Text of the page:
Streams of Intimacy: The Problem with Boiler Room

Streams of Intimacy: The Problem with Boiler Room

Last weekend, I DJed a reunion party for my old residency (the old venue was destroyed when a 4x4 ploughed through the building one night). We rigged up in a small venue, the only lights being behind the decks or attached to the huge speakers at either side of us. Looking through the photos from the night as they circulated on social media, it becomes apparent very quickly that you can only see the other two DJs and myself in silhouette. We’d put the lights there out of convenience, but also with an implicit understanding that the important people there that night were not the three of us. It was the people on the dance floor. And in doing so we were carrying on a tradition that began in 1970 with David Mancuso. However, that tradition is now under threat. We need to talk about Boiler Room.

Living On Video

In her landmark book “Club Cultures”, an ethnographic study of dance music, Sarah Thornton posits the notion that one of the most important developments in dance music was the moment when the lights were directed at the audience/dancers/crowd instead of the DJ. In the book she aimed to make a point concerning “illuminating a culture that is supposed to take place in the dark”, but within the exposure of the dancers, comes a reduction in the visibility of the DJ. The DJ is no longer the focus of the proceedings, indeed clubbers often do not even dance towards the DJ, preferring to dance alone, or with friends, or simply in whatever space is available. Without invoking Derrida or Foucault too much here, it is possible to identify an inversion of power structures inherent in such a tactic. In a sense, focusing on the crowd empowers the crowd. Yet, these ideas are still worthy of discussion, perhaps now more than ever; particularly when considering how DJs are often treated and perceived on social media.

Club Cultures sees Sarah Thornton take ecstasy for the first time; ethnography that certainly wouldn’t get published these days.

Club Cultures sees Sarah Thornton take ecstasy for the first time; ethnography that certainly wouldn’t get published these days.

By far and a way the worst offender of the re-inversion of the power dynamic i.e. reinforcing the DJ as the centre of the experience, is Boiler Room. Don’t get me wrong, we’ve certainly been through at least one period of the “superstar DJ” straddling the millennium. And Boiler Room are not the only outfit broadcasting live streams of DJs performing live. Numerous Facebook live feed from clubs, and DJs themselves fall into the same trap. Even the generally dry and factual Resident Advisor gets in on the action, recently broadcasting the proceedings of Nuits Sonores. However, Boiler Room are perhaps the most prolific and most insidious. A quick hop over to BoilerRoom.tv sees them promoting recent streams from techno legend Surgeon, numerous streams from Dekmantel, and a feed of the latest flash in the pan Mall Grab playing Southbank smoking a cigarette (how edgy!). Yet I’m left wondering, what’s the point? Is this really how we now engage with dance music?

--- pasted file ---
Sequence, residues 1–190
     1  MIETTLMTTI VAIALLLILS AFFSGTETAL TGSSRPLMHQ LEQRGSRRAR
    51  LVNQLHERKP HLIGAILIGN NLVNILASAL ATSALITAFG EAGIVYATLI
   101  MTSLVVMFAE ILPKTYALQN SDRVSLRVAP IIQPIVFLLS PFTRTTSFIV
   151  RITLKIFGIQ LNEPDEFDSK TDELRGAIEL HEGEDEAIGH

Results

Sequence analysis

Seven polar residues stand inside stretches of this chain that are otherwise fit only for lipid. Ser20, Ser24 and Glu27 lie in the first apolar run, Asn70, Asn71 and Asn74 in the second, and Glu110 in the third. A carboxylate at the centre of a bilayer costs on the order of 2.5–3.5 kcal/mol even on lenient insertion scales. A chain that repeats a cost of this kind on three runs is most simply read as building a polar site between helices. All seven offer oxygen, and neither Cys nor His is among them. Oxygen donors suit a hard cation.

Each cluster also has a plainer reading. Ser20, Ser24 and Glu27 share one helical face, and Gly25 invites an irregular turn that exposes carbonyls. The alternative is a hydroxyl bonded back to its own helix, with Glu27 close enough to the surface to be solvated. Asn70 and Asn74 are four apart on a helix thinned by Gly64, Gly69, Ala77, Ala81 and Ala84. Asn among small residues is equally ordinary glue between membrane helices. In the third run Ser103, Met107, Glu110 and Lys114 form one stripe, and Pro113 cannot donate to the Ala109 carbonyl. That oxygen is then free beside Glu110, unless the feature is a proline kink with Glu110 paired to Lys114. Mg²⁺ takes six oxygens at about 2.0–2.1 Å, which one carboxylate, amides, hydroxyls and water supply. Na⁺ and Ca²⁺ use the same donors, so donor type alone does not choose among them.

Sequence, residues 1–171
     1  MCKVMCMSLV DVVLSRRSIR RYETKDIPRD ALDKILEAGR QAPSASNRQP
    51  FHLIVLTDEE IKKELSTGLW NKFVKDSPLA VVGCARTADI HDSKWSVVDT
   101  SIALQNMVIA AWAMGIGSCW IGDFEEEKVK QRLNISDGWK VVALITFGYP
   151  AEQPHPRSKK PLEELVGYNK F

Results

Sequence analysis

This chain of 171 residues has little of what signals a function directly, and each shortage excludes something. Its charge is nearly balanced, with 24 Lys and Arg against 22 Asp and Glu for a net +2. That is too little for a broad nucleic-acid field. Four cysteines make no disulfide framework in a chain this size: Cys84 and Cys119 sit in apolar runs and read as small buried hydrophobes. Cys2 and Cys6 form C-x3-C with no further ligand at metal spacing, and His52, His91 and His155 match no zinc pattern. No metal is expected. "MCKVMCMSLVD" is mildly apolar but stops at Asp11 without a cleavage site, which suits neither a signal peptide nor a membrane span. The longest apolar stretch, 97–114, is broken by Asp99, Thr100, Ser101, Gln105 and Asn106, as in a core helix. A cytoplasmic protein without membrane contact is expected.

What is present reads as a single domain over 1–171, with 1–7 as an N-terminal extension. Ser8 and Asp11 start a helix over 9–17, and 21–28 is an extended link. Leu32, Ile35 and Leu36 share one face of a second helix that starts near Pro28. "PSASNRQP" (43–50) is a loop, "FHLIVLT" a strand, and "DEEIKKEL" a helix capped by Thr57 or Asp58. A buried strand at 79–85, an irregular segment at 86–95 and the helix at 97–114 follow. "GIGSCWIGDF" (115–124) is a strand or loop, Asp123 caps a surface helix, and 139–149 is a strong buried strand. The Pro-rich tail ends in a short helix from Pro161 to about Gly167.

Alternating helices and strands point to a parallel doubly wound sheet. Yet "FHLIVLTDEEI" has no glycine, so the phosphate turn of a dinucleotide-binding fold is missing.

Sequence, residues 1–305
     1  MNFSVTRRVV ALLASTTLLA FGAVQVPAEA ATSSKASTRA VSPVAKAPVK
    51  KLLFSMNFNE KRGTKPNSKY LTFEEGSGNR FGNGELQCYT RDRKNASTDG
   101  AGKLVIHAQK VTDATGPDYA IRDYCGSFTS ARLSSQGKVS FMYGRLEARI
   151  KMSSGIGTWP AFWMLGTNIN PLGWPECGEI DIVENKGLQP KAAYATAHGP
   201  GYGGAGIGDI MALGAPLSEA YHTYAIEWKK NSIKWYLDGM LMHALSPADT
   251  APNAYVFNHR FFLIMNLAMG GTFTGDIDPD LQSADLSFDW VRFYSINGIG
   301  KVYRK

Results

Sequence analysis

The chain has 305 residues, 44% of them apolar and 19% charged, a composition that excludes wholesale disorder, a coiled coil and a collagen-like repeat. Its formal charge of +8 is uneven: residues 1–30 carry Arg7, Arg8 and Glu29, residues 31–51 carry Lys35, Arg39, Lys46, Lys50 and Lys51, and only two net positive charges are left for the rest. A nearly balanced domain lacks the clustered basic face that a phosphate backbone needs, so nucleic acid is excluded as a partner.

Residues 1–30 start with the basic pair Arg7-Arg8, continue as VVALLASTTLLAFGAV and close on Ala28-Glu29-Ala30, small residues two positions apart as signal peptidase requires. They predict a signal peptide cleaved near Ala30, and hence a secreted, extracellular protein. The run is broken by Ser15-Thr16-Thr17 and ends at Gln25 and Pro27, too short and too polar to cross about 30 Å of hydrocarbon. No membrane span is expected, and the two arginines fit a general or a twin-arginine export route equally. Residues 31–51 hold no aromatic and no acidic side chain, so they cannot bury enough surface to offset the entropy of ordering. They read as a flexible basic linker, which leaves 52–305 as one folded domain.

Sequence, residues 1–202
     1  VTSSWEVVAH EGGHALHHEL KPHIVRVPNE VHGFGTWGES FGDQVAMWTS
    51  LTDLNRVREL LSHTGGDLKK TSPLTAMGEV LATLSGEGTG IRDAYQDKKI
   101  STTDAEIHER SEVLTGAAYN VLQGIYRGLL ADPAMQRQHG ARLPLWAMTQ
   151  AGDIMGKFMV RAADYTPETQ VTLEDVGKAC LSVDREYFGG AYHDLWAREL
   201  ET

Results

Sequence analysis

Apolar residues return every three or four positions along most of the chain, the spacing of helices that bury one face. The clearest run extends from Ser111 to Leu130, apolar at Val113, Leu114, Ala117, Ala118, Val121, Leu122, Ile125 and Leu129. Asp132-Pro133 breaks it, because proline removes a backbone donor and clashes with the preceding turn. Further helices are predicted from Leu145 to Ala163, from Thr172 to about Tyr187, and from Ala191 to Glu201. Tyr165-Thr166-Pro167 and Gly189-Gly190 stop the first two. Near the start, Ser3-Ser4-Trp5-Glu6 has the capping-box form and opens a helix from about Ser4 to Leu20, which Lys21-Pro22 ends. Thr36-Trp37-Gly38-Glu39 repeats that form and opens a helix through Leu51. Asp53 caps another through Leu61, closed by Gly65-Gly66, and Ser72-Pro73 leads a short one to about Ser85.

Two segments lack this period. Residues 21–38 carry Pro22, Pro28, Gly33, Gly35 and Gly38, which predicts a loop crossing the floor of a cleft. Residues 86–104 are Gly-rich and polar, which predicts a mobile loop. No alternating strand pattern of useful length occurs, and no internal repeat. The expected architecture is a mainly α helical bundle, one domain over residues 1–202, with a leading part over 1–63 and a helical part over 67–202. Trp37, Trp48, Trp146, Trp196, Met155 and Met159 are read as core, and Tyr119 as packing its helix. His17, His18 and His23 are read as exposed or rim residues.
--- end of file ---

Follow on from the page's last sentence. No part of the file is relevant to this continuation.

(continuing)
Now, I am fully aware that calling out something like Boiler Room via an academic blog is somewhat ironic. Something like Boiler Room that is ostensibly a bastion of both club culture posturing and pseudo-intellectualism isn’t exactly going to quake in its boots at the prospect of an analysis that draws on a bit of critical theory. But it’s also the most appropriate lens to approach it from. I’ve certainly been guilty of referring to it as a musical “emperors new clothes” and a stronghold of millennialist presentation, but there are criticisms that can be drawn from a deeper questioning of its so-called output.

So, what is the point of Boiler Room? There are three possible reasons it may exist, two of which can be argued to be somewhat favourable, with a third less savoury option. Additionally, its possible it is simply a promotional tool for the DJs and venues, but little interest lies in such discussion. We understand these concepts thoroughly, and any marketing textbook will tell you the importance of perceived exclusivity and restricting supply. But more interesting possible answers can be suggested for the Boiler Room’s success and general modus operandi.

1. It democratises the club experience.

Certainly a compelling argument, opening the door (albeit through video streaming) of exclusive club nights to people who aren’t part of the underground elite may allow for individuals to feel in some way connected to the larger whole of the community. Positioning the camera right ‘where the action is’ may be an attempt to bring the viewer into the space, breaking down the barriers of distance, time, and space. But does it really offer anything democratic? When we watch the Boiler Room we’re not really there, we’re not part of the action. We’re just observing bright young things self-consciously dancing, fully aware that they’re being streamed. Usually we don’t even watch in real time!

Look at all those smiling faces (sic) surrounding Nina Kraviz

The act of documenting proceedings also prohibits behaviour. Clubs are sacred spaces, beyond the prying eyes of the law, of wider social norms. Indeed, if Hakim Bey is to be believed they’re temporary autonomous zones; momentary settlements that crop up for as long as the night lasts with their own fluid, indefinable codes of conduct. Breaking into these zones via digital means reduces the privacy and autonomy of the experience. Who really live streams their most private of moments? And who wants to watch strangers do coke or poppers behind Egyptian Lover? Berghain even goes as far as to put stickers over the cameras of people’s phones as they enter the club to maintain such anonymity, and have a strict no photo or video policy. Yes, you may be bathed in LED and laser lighting, but what happens in Berghain stays in Berghain. If anything, videoing the DJ and the crowd only restricts the behaviour. Observer effects are in abundance in any Boiler Room set. Crowd members stare glassy eyed into the camera, people smoke cigarettes to show anti-authoritarian leanings, and DJs rarely look up from their decks in a self-conscious miasma of exposure.